DS0011 Module Module Load
DS0009 Process Process Creation
DS0012 Script Script Execution


  1. Hamilton, C. (2019, June 4). Hunting COM Objects. Retrieved June 10, 2019. 

  2. Microsoft. (n.d.). Component Object Model (COM). Retrieved November 22, 2017. 

  3. Forshaw, J. (2018, April 18). Windows Exploitation Tricks: Exploiting Arbitrary File Writes for Local Elevation of Privilege. Retrieved May 3, 2018. 

  4. Nelson, M. (2017, November 16). Lateral Movement using Outlook’s CreateObject Method and DotNetToJScript. Retrieved November 21, 2017. 

  5. Nelson, M. (2017, January 5). Lateral Movement using the MMC20 Application COM Object. Retrieved November 21, 2017. 

  6. Microsoft. (n.d.). What is Protected View?. Retrieved November 22, 2017. 

  7. Microsoft. (n.d.). Setting Process-Wide Security Through the Registry. Retrieved November 21, 2017. 

  8. Microsoft. (n.d.). Registry Values for System-Wide Security. Retrieved November 21, 2017. 

  9. Microsoft. (n.d.). DCOM Security Enhancements in Windows XP Service Pack 2 and Windows Server 2003 Service Pack 1. Retrieved November 22, 2017. 

  10. ClearSky Cyber Security . (2021, August). New Iranian Espionage Campaign By “Siamesekitten” - Lyceum. Retrieved June 6, 2022. 

  11. Sanmillan, I.. (2020, May 13). Ramsay: A cyber‑espionage toolkit tailored for air‑gapped networks. Retrieved May 27, 2020. 

  12. ESET. (2022, March 1). IsaacWiper and HermeticWizard: New wiper and worm targetingUkraine. Retrieved April 10, 2022.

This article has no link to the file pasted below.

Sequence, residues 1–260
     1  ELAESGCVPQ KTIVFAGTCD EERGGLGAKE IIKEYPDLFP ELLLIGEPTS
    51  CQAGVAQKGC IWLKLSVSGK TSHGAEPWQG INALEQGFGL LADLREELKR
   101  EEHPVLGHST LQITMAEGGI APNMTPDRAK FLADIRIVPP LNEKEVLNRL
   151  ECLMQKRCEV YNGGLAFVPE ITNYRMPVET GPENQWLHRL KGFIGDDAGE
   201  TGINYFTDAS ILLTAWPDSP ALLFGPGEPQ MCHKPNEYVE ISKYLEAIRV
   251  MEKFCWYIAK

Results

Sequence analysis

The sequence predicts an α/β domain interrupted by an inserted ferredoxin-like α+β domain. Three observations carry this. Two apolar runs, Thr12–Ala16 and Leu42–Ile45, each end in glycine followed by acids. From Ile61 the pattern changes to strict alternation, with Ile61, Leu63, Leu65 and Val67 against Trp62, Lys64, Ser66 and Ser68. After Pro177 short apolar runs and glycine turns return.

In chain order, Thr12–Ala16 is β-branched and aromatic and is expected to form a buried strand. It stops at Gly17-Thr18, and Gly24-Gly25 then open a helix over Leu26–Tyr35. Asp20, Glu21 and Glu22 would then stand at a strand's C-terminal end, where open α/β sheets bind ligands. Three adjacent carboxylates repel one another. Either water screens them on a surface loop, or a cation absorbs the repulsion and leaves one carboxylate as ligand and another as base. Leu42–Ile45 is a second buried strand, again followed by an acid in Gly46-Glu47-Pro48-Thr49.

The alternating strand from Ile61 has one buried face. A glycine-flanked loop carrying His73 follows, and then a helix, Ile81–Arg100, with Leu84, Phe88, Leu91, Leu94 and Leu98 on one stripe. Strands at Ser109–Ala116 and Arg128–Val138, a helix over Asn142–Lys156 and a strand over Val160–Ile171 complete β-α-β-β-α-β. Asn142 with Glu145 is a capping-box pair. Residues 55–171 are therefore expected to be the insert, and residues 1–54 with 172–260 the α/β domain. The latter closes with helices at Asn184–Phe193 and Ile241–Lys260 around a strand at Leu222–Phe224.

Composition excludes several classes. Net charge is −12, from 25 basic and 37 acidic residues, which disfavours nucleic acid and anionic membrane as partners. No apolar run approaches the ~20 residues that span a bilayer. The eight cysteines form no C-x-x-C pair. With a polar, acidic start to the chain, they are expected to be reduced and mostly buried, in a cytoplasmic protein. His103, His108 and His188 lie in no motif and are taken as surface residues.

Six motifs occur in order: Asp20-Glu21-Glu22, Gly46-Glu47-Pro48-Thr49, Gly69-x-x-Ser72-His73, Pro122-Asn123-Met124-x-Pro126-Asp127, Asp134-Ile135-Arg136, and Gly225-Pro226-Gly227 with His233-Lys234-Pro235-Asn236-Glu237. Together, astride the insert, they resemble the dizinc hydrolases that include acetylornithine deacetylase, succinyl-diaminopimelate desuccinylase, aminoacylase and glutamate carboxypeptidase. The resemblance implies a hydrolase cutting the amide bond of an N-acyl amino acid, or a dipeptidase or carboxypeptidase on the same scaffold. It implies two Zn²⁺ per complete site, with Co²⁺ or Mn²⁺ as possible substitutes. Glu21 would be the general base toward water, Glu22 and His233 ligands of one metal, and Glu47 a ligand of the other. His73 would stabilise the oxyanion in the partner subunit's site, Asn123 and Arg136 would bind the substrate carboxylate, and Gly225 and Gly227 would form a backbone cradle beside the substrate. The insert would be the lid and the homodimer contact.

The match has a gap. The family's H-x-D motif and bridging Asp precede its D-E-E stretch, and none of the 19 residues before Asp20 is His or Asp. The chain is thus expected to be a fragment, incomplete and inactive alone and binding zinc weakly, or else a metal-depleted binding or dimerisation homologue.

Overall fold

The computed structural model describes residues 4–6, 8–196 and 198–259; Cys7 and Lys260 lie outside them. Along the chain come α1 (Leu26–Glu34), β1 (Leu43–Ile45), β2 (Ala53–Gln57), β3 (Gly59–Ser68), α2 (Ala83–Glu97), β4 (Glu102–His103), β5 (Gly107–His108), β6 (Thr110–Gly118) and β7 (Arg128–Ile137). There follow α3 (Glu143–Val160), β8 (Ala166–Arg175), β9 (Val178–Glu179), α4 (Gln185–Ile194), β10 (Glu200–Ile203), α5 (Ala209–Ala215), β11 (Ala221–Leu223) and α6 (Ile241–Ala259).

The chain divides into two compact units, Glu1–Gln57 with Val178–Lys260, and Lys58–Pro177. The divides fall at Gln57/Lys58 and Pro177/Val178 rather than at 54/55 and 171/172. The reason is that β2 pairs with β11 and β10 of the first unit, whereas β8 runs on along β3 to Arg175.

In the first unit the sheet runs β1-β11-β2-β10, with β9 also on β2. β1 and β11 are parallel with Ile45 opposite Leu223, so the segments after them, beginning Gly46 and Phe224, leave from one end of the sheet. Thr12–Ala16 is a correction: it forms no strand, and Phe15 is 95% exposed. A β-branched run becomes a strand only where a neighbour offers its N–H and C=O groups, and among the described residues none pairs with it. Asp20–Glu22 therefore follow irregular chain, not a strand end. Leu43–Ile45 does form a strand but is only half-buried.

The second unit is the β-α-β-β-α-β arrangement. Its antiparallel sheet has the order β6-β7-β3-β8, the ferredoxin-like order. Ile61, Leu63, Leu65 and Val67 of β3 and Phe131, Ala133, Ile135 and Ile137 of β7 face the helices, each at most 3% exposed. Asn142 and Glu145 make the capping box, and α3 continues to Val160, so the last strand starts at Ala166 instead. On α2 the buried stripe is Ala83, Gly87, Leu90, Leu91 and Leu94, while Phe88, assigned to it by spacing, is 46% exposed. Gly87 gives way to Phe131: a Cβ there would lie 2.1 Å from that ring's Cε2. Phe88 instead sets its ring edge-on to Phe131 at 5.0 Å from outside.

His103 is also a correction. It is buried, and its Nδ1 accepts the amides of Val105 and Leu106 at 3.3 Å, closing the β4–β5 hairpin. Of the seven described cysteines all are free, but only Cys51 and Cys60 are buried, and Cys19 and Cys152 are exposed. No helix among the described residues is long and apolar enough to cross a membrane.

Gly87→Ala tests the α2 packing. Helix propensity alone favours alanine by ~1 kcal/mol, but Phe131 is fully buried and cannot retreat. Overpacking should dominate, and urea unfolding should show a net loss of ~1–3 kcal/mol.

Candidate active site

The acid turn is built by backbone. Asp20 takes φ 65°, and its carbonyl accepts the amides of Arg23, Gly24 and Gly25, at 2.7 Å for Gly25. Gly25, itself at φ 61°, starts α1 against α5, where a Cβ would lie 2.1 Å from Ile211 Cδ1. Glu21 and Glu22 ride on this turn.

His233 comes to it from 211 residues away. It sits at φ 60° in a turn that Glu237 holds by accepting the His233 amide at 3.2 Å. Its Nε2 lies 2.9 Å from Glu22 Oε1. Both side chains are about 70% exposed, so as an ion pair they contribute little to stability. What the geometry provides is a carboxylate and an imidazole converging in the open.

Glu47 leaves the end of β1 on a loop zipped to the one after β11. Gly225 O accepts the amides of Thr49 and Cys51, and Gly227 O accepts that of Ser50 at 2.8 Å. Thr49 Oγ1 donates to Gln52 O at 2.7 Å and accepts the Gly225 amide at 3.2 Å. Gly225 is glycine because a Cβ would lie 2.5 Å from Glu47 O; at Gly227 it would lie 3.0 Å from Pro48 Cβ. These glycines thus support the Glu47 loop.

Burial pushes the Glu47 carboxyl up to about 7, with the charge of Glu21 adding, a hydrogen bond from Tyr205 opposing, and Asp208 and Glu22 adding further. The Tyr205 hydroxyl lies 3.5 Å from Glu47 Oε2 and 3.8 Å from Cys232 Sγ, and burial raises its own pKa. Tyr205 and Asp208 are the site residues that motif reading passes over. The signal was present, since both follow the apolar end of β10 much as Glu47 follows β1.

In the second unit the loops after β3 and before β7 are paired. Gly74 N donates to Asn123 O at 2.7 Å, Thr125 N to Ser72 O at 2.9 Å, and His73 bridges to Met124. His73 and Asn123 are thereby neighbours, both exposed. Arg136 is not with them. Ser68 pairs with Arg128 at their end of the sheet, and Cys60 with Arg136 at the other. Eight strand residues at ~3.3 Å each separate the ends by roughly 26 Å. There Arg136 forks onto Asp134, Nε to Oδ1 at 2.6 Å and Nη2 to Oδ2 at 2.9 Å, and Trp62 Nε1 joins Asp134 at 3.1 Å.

13. Singh, S. et al.. (2018, March 13). Iranian Threat Group Updates Tactics, Techniques and Procedures in Spear Phishing Campaign. Retrieved April 11, 2018. 

  14. Holland, A. (2019, March 7). Tricks and COMfoolery: How Ursnif Evades Detection. Retrieved June 10, 2019. 

  15. Vrabie, V. (2020, November). Dissecting a Chinese APT Targeting South Eastern Asian Government Institutions. Retrieved September 19, 2022. 

  16. Merriman, K. and Trouerbach, P. (2022, April 28). This isn’t Optimus Prime’s Bumblebee but it’s Still Transforming. Retrieved August 22, 2022. 

  17. Hromcova, Z. and Cherpanov, A. (2020, June). INVISIMOLE: THE HIDDEN PART OF THE STORY. Retrieved July 16, 2020. 

  18. MSTIC. (2021, December 6). NICKEL targeting government organizations across Latin America and Europe. Retrieved March 18, 2022. 

  19. Boutin, J. (2020, October 12). ESET takes part in global operation to disrupt Trickbot. Retrieved March 15, 2021. 

  20. Dupuy, T. and Faou, M. (2021, June). Gelsemium. Retrieved November 30, 2021. 

  21. Secureworks Counter Threat Unit Research Team. (2022, August 17). DarkTortilla Malware Analysis. Retrieved November 3, 2022. 

  22. Boutin, J. (2020, June 11). Gamaredon group grows its game. Retrieved June 16, 2020. 

  23. ClearSky. (2019, June). Iranian APT group ‘MuddyWater’ Adds Exploits to Their Arsenal. Retrieved May 14, 2020. 

  24. FBI, CISA, CNMF, NCSC-UK. (2022, February 24). Iranian Government-Sponsored Actors Conduct Cyber Operations Against Global Government and Commercial Networks. Retrieved September 27, 2022. 

  25. Kaspersky Lab’s Global Research & Analysis Team. (2018, October 10). MuddyWater expands operations. Retrieved November 2, 2018.